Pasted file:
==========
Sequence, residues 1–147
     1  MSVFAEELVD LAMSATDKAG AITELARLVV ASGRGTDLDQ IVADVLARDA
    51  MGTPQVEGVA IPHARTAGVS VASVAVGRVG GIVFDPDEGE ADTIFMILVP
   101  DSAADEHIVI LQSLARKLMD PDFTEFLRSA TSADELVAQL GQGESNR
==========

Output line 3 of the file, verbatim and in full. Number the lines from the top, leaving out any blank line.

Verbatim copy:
    51  MGTPQVEGVA IPHARTAGVS VASVAVGRVG GIVFDPDEGE ADTIFMILVP